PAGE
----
“Omar [Samra] and I didn’t know what we were in for,” says Nour. “When you're an outsider trying to make something, it's very easy to get lost when you don’t understand all the moving pieces. You can become easy prey for people who want to take advantage of you.”
For a story so deeply personal, the right partner was essential. Just a month after their journey, Samra was approached by Puerto Rican-born documentary filmmaker Marco Orsini, who had previously helmed the documentaries “The Reluctant Traveler” (2009) and “Gray Matters” (2014).
“I was driven to tell the story of Omar Samra and Omar Nour because their story, frankly, is so compelling. The first time we spoke, I sat there for four hours listening to them each talk about what they had been through, each telling me separately,” says Orsini. “And while they were telling me the story, I — as a director — was getting so excited. Even though I didn’t have much footage, I knew that I didn’t need it. What’s necessary for good storytelling is a good story, and these two not only had a good story, they knew how to tell a good story, each with very different personalities.”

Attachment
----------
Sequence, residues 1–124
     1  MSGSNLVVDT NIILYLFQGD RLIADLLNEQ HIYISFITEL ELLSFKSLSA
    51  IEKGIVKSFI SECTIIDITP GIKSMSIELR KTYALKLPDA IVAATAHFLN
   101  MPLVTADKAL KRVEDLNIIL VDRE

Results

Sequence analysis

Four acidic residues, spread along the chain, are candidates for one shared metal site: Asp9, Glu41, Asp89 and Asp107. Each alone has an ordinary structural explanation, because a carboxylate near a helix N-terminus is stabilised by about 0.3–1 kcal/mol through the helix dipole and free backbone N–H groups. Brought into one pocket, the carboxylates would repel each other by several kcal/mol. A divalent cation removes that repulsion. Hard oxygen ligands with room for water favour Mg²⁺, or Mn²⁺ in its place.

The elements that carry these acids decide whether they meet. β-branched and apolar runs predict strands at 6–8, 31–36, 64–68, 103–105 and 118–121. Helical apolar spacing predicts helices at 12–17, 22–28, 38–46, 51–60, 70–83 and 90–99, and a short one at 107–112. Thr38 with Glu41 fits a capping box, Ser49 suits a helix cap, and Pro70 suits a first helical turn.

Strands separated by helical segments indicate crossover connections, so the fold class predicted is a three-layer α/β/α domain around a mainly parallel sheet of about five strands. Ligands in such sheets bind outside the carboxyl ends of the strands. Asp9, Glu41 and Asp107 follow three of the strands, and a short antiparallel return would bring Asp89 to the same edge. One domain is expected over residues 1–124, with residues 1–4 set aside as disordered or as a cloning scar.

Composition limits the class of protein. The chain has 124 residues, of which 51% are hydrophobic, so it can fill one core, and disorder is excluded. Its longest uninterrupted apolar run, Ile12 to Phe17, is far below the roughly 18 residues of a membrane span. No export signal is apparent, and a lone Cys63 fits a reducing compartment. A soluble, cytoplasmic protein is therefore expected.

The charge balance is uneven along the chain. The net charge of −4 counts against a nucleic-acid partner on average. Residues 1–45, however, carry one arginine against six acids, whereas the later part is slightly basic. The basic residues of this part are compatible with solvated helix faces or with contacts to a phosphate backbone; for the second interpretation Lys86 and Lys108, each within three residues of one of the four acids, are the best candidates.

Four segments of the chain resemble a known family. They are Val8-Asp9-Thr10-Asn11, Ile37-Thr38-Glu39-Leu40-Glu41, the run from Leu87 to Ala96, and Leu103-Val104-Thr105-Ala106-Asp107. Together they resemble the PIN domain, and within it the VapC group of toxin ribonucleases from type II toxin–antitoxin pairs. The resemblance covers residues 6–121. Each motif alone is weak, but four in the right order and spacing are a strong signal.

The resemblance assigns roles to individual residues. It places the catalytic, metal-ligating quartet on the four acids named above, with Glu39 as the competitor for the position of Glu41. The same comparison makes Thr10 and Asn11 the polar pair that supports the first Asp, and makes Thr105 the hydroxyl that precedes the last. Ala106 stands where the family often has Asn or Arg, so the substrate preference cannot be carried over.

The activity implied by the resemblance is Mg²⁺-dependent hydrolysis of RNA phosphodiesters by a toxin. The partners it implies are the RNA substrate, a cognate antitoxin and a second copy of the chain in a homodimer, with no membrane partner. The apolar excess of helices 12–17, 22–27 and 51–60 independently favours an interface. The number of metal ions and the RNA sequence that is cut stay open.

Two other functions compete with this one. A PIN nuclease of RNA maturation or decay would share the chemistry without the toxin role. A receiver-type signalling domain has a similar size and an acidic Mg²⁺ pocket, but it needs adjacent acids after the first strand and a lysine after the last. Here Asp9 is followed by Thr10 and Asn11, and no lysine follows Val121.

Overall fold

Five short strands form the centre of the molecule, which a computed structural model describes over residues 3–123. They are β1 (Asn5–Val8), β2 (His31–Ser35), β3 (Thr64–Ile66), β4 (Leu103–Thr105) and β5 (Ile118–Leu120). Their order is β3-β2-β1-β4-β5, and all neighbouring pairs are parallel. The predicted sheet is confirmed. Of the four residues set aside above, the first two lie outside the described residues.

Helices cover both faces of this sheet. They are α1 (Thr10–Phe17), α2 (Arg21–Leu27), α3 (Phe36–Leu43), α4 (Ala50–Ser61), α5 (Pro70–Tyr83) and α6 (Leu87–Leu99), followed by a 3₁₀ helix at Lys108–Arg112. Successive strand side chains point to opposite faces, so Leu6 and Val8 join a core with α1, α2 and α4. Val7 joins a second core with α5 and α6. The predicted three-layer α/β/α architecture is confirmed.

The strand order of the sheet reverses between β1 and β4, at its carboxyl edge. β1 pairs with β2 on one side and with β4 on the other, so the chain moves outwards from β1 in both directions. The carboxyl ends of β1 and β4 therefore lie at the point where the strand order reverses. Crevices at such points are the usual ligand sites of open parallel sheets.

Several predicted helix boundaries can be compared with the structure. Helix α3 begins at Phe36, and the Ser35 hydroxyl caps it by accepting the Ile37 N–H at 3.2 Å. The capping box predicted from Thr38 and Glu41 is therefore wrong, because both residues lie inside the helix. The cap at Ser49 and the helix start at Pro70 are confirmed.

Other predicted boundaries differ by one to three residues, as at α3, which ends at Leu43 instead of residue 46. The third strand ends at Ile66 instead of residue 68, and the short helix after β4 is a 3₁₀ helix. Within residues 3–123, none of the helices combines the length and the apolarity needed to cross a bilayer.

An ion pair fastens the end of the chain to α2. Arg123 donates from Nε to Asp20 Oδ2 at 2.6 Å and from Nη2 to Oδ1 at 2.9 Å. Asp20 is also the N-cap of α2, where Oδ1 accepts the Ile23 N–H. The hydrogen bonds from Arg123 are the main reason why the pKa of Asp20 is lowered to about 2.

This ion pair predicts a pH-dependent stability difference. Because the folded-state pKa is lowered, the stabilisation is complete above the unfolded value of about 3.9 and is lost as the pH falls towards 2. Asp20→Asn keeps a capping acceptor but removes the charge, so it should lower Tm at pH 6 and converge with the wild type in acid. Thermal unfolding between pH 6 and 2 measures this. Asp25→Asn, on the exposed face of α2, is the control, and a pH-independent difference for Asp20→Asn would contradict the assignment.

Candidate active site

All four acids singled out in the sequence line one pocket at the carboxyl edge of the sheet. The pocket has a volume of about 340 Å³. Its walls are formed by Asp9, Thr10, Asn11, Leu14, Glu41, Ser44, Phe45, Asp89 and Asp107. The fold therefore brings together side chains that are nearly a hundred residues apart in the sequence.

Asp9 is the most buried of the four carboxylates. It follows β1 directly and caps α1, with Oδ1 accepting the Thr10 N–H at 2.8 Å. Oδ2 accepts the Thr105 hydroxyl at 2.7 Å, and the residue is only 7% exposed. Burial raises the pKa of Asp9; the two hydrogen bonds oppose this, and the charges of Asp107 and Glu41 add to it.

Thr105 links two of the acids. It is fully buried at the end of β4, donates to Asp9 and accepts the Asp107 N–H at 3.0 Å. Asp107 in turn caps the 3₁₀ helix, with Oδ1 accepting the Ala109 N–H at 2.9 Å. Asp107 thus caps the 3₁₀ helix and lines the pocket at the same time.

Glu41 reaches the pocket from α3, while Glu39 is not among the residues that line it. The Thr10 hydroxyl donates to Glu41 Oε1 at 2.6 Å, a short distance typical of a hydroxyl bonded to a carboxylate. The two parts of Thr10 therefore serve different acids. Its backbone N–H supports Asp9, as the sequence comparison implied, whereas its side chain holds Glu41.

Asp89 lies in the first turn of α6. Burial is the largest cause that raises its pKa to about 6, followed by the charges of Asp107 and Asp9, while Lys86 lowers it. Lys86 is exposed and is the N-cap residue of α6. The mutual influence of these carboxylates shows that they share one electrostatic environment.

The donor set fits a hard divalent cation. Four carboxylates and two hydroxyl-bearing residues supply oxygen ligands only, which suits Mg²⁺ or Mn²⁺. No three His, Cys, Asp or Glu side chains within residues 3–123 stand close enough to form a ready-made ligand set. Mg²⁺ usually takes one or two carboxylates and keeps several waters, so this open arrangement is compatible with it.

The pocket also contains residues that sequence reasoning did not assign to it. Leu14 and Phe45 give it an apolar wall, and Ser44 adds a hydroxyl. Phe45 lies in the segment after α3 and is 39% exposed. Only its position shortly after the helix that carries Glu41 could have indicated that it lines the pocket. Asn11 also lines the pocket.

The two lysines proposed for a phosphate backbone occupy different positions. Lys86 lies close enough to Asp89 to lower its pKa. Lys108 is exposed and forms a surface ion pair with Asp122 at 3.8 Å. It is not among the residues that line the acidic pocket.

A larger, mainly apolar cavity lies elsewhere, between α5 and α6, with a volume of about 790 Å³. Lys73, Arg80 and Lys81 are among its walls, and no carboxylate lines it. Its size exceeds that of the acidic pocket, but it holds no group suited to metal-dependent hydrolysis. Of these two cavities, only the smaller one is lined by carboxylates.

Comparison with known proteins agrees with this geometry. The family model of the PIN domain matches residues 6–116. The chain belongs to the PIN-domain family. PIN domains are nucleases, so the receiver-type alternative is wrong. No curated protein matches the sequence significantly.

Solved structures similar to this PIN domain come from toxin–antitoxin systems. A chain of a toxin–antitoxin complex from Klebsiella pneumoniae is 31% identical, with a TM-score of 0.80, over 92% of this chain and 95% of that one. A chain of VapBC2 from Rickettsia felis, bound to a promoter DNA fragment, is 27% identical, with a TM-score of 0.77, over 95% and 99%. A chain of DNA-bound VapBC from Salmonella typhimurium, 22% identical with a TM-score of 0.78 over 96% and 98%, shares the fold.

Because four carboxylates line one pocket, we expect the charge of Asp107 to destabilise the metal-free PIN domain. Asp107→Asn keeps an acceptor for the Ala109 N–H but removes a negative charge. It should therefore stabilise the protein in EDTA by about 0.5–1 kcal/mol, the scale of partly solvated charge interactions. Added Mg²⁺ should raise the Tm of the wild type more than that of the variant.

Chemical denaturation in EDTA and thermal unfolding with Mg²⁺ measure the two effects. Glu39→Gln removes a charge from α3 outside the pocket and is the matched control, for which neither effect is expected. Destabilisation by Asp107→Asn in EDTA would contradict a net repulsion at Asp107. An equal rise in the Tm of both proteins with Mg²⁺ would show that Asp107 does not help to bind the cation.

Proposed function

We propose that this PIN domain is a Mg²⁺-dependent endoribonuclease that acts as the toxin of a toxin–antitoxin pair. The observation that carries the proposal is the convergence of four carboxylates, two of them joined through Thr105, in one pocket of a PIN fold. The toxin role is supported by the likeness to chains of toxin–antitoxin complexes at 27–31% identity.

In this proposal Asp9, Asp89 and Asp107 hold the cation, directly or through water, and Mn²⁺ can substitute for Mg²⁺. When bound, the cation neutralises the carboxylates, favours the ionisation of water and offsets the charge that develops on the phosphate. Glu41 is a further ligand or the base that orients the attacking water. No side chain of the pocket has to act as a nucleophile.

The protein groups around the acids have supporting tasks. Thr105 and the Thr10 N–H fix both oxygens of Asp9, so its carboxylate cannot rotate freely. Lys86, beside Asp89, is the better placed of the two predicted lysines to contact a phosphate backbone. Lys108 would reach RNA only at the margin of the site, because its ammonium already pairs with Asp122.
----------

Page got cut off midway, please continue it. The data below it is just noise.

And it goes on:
Telling that story was not as straightforward as it seemed, however. Orsini had not only to gain the athletes’ trust, but keep it, balancing the fact that he was telling their deeply personal, traumatic story, with his role as director, which meant the story ultimately became his to shepherd.